The “freedom” most people believe in today, is freedom FROM responsibility. Where the actual causer of damage/harm has only limited liability (especially if he hasn’t “broken any law”); but in-turn, all of society- all innocent people are dealt a share of liability for what others do.

          So the kid who was negligent and made a left turn in front of my nephew’s motorcycle, killing him, suffers absolutely no consequence, because he was not drunk, and had all his papers, etc. While the guy rolls through a 4-way stop after having 2 beers will have fork over thousands or lose his “privilege” to travel.

          [Please note: I’m not saying that the kid who hit my nephew should be criminally punished or anything- as it was “an accident” (Even though the moron is a POS, who later bragged about “having killed someone”)- but the idea that you can kill someone, even accidentally, and have absolutely no consequences- i.e. he was insured- so the insurance co. paid the max, and since the kid didn’t have anything, he’ll never have to so much as lift a finger nor have to give the incident another thought).]

          Freedom = Unlimited liability for harm you actually cause. No molestation for “what you might do/could do/technicalities”. i.e. a punitive legal system. Innocent until proven guilty; only the guilty pay for things they’ve actually done.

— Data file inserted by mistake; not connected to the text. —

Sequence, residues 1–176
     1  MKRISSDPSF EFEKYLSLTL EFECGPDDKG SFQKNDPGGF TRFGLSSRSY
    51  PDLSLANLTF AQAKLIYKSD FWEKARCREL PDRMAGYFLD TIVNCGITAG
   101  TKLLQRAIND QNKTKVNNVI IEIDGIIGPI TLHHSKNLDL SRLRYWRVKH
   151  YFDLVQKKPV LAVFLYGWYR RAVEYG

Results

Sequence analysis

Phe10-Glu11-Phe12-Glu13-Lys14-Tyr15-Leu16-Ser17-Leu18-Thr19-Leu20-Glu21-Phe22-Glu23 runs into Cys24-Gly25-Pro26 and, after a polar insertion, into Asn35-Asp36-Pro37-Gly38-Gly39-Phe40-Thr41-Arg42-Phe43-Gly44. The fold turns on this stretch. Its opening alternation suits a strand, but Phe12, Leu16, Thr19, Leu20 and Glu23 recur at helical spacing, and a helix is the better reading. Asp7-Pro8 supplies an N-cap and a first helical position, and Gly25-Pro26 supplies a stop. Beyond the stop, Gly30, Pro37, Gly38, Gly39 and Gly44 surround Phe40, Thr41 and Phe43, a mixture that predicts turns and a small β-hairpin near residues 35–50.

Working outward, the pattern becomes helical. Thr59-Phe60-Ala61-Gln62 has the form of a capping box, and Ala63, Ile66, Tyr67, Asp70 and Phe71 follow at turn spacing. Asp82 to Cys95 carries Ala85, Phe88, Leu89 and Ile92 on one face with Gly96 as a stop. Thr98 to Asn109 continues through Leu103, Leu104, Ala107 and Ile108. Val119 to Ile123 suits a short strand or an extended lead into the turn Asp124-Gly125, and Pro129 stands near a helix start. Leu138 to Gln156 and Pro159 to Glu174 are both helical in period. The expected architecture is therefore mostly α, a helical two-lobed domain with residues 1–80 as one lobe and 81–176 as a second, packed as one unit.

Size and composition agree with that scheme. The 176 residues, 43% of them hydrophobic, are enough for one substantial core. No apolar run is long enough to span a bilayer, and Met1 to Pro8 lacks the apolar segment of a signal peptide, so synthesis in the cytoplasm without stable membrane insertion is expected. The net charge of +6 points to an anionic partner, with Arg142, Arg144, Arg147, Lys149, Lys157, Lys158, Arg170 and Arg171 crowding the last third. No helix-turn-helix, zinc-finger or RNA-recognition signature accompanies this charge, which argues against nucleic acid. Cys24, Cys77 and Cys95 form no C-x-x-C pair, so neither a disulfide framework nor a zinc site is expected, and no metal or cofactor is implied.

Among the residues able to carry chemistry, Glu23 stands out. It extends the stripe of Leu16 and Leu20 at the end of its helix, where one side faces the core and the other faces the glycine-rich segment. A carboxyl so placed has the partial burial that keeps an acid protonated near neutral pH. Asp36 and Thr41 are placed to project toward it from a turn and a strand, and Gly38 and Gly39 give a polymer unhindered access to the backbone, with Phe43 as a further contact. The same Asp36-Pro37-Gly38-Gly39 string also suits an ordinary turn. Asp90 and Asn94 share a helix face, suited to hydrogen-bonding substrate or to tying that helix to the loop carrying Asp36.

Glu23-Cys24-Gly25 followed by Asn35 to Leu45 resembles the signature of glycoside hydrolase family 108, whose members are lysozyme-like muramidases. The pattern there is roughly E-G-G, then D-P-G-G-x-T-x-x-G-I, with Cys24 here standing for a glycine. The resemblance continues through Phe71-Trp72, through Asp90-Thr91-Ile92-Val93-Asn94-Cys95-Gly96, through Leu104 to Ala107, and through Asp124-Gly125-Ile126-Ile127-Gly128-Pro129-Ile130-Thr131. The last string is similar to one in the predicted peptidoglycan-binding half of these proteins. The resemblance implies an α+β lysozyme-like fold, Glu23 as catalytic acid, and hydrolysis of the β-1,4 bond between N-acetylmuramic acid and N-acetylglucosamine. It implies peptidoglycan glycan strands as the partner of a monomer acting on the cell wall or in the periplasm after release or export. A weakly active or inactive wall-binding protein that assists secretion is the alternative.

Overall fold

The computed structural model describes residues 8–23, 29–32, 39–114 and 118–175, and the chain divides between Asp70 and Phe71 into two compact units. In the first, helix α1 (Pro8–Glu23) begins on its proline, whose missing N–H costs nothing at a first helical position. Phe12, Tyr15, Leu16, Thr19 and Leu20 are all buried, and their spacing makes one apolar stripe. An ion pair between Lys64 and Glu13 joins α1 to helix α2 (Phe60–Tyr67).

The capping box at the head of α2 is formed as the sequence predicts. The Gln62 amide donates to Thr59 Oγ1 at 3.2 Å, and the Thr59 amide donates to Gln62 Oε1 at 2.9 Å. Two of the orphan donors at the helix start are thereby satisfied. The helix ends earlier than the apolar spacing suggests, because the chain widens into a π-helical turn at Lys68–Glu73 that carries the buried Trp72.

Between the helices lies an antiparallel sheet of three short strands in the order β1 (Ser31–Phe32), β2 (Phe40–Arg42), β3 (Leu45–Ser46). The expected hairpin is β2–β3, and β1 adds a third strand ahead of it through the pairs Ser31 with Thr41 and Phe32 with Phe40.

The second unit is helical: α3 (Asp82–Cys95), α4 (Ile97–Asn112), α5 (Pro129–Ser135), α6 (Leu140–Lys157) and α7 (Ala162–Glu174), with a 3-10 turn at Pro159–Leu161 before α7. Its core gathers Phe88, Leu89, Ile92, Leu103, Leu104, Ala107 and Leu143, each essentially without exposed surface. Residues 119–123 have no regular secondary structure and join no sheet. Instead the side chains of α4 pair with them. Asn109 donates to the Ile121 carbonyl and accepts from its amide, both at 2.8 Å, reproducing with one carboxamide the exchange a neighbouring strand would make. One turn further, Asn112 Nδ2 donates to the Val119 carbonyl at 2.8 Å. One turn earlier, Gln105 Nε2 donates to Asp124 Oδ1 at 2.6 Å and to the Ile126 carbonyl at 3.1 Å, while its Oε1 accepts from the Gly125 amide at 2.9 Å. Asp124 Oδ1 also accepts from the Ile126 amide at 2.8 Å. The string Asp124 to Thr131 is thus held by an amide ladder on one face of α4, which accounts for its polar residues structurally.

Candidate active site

Tyranny = Limited liability for your actual actions. Actual liability transfered to others; Punishment for what you might do/could do/technicalities. A preventative legal system. Assumed guilty just for having the ability to do something; all citizens pay and are considered criminals.

          It is no surprise that gov’t operates under the latter scenario- as one of their basic powers, is that of creating corporations- and what is a corporation? An artificial being created by the state, for the purposes of limiting liability to those who own the corporation.


      • How much ya wanna bet every mile of them private roads was paid fer by you’in me? [Sorry- my fingers get a TX accent after reading 8SM’s posts….]